With Courage Under Fire and Legends of the Fall completed in the previous four years, director Edward Zwick was on a roll, and The Siege not only brought together another stellar cast, but also contained a most controversial topic, how far a country would, or should, go to protect its citizens.
When a crowded city bus blows up in Brooklyn and a campaign of terror begins to make its bloody mark on the streets of New York, it's up to FBI special agent Anthony "Hub" Hubbard and U.S. Army General William Devereaux to find out who's responsible and put an end to the destruction. Together, they face explosive danger at every turn when they team up to a wage an all-out war against a ruthless band of terrorists.
This movie is interesting for one main reason; it was made prior to the events of September 11. It's fair to say that most Hollywood movie studios wouldn't have the balls to make a film like this after those tragic events in 2001, but this movie, made three years prior, puts terrorism and interrogation front and center. In fact while this movie was well received prior to September 11, it probably has even more impact today as what it did upon release.
Are there racial undertones? Quite possibly, but let's be realistic, there are a lot of racist people in the world with much of it, unfairly, directed towards Arabs and Middle Easterners. What I also found rather interesting is that 65% of the worldwide gross for this movie was taken in overseas markets - this being at a time when a 50:50 split was impressive. Could it be that American's didn't want to see themselves being portrayed as racist? It's a good question...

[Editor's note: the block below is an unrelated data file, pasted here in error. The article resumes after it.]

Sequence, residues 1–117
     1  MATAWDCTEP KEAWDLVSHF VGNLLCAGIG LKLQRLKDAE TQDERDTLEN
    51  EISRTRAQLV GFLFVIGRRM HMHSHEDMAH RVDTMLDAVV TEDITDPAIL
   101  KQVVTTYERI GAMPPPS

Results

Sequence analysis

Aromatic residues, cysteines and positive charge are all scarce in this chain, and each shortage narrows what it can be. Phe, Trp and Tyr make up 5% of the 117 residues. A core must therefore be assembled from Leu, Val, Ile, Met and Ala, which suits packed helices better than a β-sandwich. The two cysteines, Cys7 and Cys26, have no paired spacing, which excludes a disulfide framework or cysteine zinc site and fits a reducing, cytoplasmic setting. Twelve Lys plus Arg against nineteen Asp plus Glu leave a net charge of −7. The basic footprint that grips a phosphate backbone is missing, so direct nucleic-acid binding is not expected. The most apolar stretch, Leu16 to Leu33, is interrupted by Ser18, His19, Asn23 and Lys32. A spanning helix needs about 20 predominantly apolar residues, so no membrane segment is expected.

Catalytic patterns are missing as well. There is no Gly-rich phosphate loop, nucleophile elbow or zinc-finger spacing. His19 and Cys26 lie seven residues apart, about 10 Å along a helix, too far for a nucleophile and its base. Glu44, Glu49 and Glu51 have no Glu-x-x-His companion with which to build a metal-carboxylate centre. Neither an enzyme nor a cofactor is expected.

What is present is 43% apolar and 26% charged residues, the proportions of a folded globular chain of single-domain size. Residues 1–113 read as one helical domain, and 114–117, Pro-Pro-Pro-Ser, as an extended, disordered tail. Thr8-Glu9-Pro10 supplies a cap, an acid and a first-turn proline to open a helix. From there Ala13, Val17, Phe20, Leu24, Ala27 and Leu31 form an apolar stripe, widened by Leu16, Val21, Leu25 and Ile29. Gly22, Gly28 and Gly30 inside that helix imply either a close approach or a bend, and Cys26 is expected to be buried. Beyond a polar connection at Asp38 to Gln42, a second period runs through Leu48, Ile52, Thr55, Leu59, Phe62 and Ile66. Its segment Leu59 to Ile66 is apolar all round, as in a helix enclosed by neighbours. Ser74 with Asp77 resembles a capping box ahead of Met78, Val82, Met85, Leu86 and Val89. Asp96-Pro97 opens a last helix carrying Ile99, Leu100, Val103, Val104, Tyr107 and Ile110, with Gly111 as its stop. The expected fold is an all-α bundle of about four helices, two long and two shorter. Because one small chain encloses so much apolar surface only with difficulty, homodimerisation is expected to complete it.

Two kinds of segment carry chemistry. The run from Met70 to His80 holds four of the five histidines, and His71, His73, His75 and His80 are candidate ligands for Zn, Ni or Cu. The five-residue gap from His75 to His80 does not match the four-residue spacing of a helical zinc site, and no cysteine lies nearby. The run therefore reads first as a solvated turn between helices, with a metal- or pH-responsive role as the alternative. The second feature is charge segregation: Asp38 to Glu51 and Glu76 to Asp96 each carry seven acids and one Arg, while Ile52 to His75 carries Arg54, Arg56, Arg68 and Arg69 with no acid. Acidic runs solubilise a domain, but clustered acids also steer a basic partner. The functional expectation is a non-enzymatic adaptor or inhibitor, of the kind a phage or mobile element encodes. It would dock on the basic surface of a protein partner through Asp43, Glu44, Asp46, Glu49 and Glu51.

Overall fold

The Siege is a very interesting movie. Solid performance back what is a very topical theme in today's world. Years ago I may have said this was just another action/drama movie, today, it takes on so much more meaning and is worth viewing.
Other audio tracks on this disc include Spanish, German and Italian DTS 5.1 tracks each encoded at 768kbps. While not quite as clear as the lossless English track, each is still more then acceptable with a good clarity from the brief samples we did. Subtitles are provided in a range of languages including English, Spanish, German, Italian, Danish, Finnish, Swedish, and Norwegian. Subtitles are also provided for the commentary which is a nice addition.
Again the Australian version of The Siege on Blu-Ray trumps the American release. While their release lacked extras, the Australian disc has quite a few (mostly ported from DVD). Here we go...
Audio Commentary by Producer/Director Edward Zwick and Executive Producer Peter Schindler: Recorded 9 years after the film was released this commentary offers not only plenty of insight into the movies production, but also how it has become even more relevant since the events of 9/11 and how the American psyche has changed in the years, including how the movie is remarkably accurate in some instances to the events since September 11.
Inside the Mind of a Suicide Bomber (42:15): From The History Channel comes this stunning 2002 documentary which is very graphic, but brilliantly produced and includes interviews with people from both sides of the fence - terrorists, and those trying to stop them. It gives a great insight into the minds of suicide bombers, but also details the history of suicide bombing from the Japanese kamikaze pilots in World War II to those in the Middle East today.
The Siege: Taking New York (14:08): This documentary looks at developing the movie which was inspired by the first bombing at the World Trade Center. There are plenty of interviews with the cast and crew including fiding the actors for the parts, and especially Annette Benning's role.
1998 Featurette "The Making of the Siege" (13:52): Made in 1998 this is a more EPK styled look at the movie with plenty of clips from the movie and reiterating of the story. Nice to have it for completeness sake, but really there is little value.
Theatrical Trailers (4:32): The two trailers for the movie, sadly only in Standard Definition though.
Review By: Dave Warner